It is evident that eLearning has become one of the modern backbones of many organisations, improving their productivity rates and employees’ professional development one click and tap at a time. However, the claim that eLearning is plain sailing is debatable and still causes many to argue that it cannot entirely replace classic learning methods. Here, we explore the benefits of eLearning, along with its inevitable drawbacks.
A prominent advantage of eLearning is the flexibility it offers students. As a computer or mobile device and usually an internet connection are all that are required, eLearning really is accessible at any time from any place. Distance is no longer an obstacle; particularly beneficial with regards to corporate training, where employees are often expected to travel long distances for a single training session. eLearning puts learners in the driving seat of their professional development as they decide the moments when they engage in eLearning, for example, during their commute.
Professional organisations make huge savings through eLearning in the form of travel and accommodation expenses for trainers and employees. This aligns with tight budget constraints as online resources and materials can easily be reused. The same is applicable to educational institutes; students need not be provided a learning space or a professor.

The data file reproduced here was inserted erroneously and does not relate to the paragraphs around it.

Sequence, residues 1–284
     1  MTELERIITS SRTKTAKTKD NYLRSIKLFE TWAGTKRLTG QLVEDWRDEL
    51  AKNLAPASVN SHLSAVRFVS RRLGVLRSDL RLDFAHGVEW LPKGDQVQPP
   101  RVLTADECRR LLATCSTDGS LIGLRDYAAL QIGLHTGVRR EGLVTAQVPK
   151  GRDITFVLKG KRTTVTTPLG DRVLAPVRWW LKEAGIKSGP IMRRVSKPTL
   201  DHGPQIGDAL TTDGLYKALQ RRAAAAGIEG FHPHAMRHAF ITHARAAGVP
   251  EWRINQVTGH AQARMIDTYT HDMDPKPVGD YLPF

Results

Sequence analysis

3. Bespoke learning
Everyone is different regarding learning best practice. Whether kinesthetic, auditory or visual, eLearning accommodates for every type of learner. Furthermore, it takes into account learner’s individual progress and suggests activities which may help to improve their skills in areas they may be lacking.
eLearning is often a solo act, which can lead to various downfalls in a learner’s experience. Working in a team can be a great source of motivation and encouragement to individual learners. Without this, they become isolated and their drive to achieve does not equate to that provided by a sense of camaraderie. Although many LMS platforms offer spaces for online discussions between virtual classmates, not everyone will feel comfortable with this feature. Also, as time-management is not everyone’s strong suit, it may not be well-matched to those with a lot on their plate already.
Despite LMS advantages, unsatisfactory feedback is problematic. As there is no course tutor as such, feedback is often generic and does not specify areas which learners need to address. As feedback is a main driver of students’ will to succeed, this absence can lead them to fall behind and make staggered progress.
Whilst eLearning boasts accessibility in a technologically-advancing landscape, the reality is that not everyone has a steady Wi-Fi connection or devices able to host various programmes. Additionally, older students may struggle to use certain technology, which defeats the purpose of eLearning (i.e. to make life easier) entirely.
Although the advantages of eLearning are obvious, its limitations show that it may not be the best option for every learner or course. Before opting for eLearning, it’s important to remember the value of teamwork in learning, as well as engaging, relevant content. Perhaps a combination of traditional methods and innovative eLearning could be the way forward?